Friday, February 5, 2010

The Unexpected Expectation

Is it me or is everything so breathlessly unexpected in this historic presidency?

Retails sales unexpectedly weak. GDP unexpectedly low. Unemployment unexpectedly high. As a thirty plus year observer of the markets and the economy, never has so much unexpectedness bedeviled those whose business it is to forecast expectations.

How is it possible that the December jobless claims originally reported at a loss of 85,000 jobs (which I needn't point out was unexpected) be revised down to a loss of 150,000? How could it also be that the January report of an unexpected loss of 20,000 jobs added to the revised December number (which doubled the original jobless claims reported) result in a decline in the unemployment rate from 10.1? to 9.7%?

Excuse me for suspecting the numbers...but something unexpected is going on here.

According to today's Wall Street Journal, 2009 jobless claims were revised to reflect 600,000 more jobs lost than reported. Hmmm. Highly unexpected wouldn't you say?

And the Journal reports, "The so-called "underemployment" rate--which includes everyone in the official rate plus those who are neither working nor looking for work, but say they want a job and have looked for work recently--fell to 16.5% in January from 17.3%." But how can that be if the jobless claims were revised up?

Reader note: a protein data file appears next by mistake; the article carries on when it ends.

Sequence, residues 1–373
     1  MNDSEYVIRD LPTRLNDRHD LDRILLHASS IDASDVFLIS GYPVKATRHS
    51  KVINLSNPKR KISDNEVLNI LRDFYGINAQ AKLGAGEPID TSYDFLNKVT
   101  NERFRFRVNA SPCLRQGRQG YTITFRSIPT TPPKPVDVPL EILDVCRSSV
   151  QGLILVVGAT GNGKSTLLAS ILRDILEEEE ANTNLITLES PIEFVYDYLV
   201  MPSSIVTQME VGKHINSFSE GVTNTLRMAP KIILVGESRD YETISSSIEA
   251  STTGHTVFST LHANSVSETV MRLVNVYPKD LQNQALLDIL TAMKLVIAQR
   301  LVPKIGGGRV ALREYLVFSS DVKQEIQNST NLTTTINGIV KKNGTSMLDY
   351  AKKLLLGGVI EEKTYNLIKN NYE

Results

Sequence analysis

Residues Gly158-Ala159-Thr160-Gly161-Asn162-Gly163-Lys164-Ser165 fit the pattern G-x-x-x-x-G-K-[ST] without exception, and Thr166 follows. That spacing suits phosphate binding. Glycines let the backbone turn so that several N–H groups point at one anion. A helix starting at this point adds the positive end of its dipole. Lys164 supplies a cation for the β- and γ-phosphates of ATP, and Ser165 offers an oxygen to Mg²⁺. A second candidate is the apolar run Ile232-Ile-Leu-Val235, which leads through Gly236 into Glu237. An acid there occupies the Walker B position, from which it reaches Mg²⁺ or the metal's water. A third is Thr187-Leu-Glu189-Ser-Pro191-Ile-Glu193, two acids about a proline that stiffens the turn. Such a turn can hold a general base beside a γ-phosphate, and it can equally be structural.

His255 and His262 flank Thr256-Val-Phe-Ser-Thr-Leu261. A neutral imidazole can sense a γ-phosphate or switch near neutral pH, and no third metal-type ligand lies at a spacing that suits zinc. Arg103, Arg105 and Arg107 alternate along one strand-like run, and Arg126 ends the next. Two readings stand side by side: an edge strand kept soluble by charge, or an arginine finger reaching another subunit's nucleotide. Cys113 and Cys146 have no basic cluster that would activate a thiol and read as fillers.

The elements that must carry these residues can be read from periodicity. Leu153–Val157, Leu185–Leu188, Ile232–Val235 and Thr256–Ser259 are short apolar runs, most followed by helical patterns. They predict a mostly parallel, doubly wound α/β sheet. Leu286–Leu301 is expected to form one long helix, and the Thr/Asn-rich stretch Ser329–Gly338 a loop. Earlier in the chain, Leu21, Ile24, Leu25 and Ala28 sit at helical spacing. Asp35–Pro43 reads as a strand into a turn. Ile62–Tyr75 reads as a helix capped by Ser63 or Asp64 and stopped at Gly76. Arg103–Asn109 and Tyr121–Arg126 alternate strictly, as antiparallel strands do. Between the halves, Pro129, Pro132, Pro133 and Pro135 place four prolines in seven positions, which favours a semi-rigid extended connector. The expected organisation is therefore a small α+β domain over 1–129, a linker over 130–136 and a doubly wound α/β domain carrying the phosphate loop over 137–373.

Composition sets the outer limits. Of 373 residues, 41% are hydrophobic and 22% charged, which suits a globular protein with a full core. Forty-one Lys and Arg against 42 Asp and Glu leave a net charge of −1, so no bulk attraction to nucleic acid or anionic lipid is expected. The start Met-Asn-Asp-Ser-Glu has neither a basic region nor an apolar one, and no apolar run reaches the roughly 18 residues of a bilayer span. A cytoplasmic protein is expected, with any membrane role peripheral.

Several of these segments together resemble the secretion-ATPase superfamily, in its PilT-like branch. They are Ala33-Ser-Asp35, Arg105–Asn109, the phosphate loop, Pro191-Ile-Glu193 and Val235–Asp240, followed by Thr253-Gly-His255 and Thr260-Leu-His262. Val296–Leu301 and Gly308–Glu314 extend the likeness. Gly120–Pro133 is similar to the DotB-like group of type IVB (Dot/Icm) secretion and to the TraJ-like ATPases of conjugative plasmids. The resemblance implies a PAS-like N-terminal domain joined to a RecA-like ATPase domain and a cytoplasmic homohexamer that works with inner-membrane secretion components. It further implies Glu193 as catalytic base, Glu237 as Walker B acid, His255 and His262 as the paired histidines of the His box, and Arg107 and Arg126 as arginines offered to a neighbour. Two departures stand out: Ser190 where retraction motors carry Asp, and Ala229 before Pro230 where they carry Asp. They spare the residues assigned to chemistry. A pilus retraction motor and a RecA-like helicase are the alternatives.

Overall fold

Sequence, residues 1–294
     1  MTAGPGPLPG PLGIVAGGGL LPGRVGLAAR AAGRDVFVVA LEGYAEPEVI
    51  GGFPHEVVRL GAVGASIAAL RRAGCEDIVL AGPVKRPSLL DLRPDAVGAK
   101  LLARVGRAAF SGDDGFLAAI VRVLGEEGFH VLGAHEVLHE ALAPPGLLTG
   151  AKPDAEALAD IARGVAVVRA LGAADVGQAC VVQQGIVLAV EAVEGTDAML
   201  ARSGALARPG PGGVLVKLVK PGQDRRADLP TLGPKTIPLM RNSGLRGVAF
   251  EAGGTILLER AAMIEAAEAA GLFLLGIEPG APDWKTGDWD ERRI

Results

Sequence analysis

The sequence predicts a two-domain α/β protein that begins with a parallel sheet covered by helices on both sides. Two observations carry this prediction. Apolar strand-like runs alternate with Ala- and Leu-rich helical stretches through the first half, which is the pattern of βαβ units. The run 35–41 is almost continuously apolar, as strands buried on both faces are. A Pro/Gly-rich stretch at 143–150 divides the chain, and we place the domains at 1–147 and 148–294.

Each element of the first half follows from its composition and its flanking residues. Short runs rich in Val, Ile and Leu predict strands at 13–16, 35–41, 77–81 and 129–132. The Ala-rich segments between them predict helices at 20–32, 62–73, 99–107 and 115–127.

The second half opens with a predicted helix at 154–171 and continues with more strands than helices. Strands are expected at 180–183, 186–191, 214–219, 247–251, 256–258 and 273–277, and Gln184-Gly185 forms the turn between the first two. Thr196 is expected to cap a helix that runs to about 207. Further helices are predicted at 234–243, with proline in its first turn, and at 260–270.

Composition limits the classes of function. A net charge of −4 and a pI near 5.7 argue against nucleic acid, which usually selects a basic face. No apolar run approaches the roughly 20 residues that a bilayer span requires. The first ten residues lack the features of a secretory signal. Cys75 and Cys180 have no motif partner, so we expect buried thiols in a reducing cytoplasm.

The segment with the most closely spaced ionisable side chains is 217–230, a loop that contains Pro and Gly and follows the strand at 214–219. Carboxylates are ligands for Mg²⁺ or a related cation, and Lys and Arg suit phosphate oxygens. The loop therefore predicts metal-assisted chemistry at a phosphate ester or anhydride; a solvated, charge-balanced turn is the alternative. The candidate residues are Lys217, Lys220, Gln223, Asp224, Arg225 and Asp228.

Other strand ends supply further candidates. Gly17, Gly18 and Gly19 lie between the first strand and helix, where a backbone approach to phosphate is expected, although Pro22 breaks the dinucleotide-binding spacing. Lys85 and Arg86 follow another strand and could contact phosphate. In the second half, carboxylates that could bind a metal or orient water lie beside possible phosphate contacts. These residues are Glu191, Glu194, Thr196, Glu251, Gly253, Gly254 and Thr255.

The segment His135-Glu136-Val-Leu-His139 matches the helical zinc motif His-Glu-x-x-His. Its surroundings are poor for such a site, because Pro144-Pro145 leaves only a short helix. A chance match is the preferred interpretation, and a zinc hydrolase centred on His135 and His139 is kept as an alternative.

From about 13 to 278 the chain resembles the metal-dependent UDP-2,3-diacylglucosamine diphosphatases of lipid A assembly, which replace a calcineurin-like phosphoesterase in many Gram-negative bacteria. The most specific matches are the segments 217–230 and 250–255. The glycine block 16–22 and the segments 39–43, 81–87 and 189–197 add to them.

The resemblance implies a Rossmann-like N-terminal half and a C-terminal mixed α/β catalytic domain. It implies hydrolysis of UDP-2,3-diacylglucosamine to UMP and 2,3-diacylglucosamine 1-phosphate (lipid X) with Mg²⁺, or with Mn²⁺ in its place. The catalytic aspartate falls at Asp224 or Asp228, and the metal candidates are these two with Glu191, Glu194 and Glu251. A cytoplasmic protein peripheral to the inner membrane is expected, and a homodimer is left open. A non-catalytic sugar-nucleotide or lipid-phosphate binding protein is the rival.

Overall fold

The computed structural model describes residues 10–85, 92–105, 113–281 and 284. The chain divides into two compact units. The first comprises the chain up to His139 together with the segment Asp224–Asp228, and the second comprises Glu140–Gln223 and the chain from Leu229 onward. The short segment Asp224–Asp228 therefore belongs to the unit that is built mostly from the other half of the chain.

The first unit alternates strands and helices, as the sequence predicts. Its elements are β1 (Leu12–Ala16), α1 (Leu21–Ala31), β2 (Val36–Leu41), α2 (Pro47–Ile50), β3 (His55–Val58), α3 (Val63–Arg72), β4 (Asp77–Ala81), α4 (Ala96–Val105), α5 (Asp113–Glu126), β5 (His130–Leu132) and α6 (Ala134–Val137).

Highly unexpected.

Nothing can be unexpected forever. Eventually the unexpected becomes a trend and the forecaster has to admit they are simply wrong. I now look at every number reported with suspicion. The government's "unexpected" has become my expectation and when that happens investors move to the sideline until they can figure out what exactly is going on.

For my part, nothing in rising unemployment, slowing to negative GDP growth, a weaker dollar and ballooning debt is unexpected. The policies of this Administration are having the expected effect.

Only a fool or the very naive would expect otherwise.

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